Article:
EcoBoost — Ford's new combination of twin turbocharging and direct fuel injection — is definitely a more capable option on the same 3.5-liter V6. It transforms the Flex from OK to zoomy. It produces 355 horsepower at 5700 rpm and 350 lb-ft of torque seemingly from just off idle to near redline; Ford calls the torque peak at 3500 rpm.

All Flexes use the same 6-speed automatic, and all Flexes with EcoBoost have AWD. However, non-EcoBoost engines can be paired with AWD for winter traction. Furthermore, the EcoBoost combos employ paddle shifting in addition to the center console shifter. The paddles are handy for holding gears in the mountains but normally you'll just let the automatic gearbox shift itself.

Ford also increased suspension stiffness a bit to better match the increased power from the EcoBoost engine.

Inner Space
Interior space and comfort for seven are where the Flex bulges its biceps. There's generous room in the two front rows, so much so that rear-seat footrests are optional. Furthermore, the large windows and optional huge sunroof make the interior feel even larger and aid rubbernecking. Materials and detailing such as double stitching, cubbies, grab handles and the like are nicely done, giving a near-luxury, coffeehouse ambience, especially in the SEL and Limited.

Features abound, from the optional power liftgate to a bevy of electronics such as voice-activated navigation and Ford's popular Sync infotainment system. People and their luggage are always the emphasis, hence the optional refrigerated center console — think a soda cellar on wheels.

Safety is another Flex selling point. Hidden in the chassis is steel-tube reinforcement against side impacts, plus extensive airbag and seat belt technologies. Ford's MyKey system is provided as an adjustable speed- and sound-system-limiting valet for when the kids are driving.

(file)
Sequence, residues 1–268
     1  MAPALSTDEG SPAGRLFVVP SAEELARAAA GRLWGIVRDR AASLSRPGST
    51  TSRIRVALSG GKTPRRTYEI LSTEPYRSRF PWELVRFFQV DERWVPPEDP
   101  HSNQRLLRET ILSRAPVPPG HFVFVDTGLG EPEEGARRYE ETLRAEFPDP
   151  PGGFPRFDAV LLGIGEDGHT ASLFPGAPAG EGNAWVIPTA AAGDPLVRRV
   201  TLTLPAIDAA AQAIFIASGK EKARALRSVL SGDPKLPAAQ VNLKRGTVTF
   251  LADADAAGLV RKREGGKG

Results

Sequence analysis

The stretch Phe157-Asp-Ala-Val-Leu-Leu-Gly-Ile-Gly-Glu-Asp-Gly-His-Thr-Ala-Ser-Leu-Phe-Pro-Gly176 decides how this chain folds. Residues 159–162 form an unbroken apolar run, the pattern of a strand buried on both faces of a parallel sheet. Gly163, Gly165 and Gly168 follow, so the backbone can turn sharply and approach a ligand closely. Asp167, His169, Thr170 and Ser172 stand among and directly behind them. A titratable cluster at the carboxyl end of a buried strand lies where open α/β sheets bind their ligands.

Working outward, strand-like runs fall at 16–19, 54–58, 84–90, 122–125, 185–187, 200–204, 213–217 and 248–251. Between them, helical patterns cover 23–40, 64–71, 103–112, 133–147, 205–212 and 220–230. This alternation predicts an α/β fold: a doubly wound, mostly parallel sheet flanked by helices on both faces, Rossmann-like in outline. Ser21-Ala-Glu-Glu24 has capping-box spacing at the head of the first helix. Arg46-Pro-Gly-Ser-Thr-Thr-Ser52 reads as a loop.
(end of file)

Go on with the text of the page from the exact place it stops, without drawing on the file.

On the Road
As a full-size crossover, the Flex certainly has a presence. But its ample glass and relatively flat hood mean sight lines are good, and the feel is of an overly tall full-size sedan rather than a behemoth. In fact, the main difference is that the Flex's higher center of gravity means cornering loads are felt a little more, but that's about it. The ride is gently firm; wind and road noise are muted so high-speed travel is not tiring.

With the EcoBoost under the hood there's definitely power on tap, and with essentially no turbo lag. The flat torque curve launches the EcoBoost Flex eagerly either from the stoplight or from highway speeds — a major improvement over the standard engine.

As a hauler, the Flex offers a large liftgate in the rear and 4-door practicality. It's handy enough around town, but as a full-size crossover it requires a bit of care in tight traffic or parking. A reverse camera included with the optional navigation system display is especially helpful then.

Right for You?
Distinctively styled and well-appointed, the Flex bypasses the entry-level market, starting at $29,270 for the SE. Adding options — the two-tone roof costs $395, all-weather floor mats are $75, the Class III tow package is $570, Sync is $395 and the Vista Moonroof is $1,495 — can move the SE into the SEL's $32,895 starting point relatively quickly, however, and the SEL is the first level where EcoBoost is offered.

That most popular combination — SEL with EcoBoost — starts at $36,890, which is close to the naturally aspirated, FWD Limited at $37,940. The EcoBoost Limited is a hefty $42,785, but the Vista Moonroof and refrigerated center console are about the only large options left at that point.

Longtime Road & Track contributor Tom Wilson's credits include local racing championships, three technicalengine books and hundreds of freelance articles.

advertisement

Search local listings

powered by:

Recently Viewed Cars

View favorites
BB03 - 7/25/2014 6:18:18 PM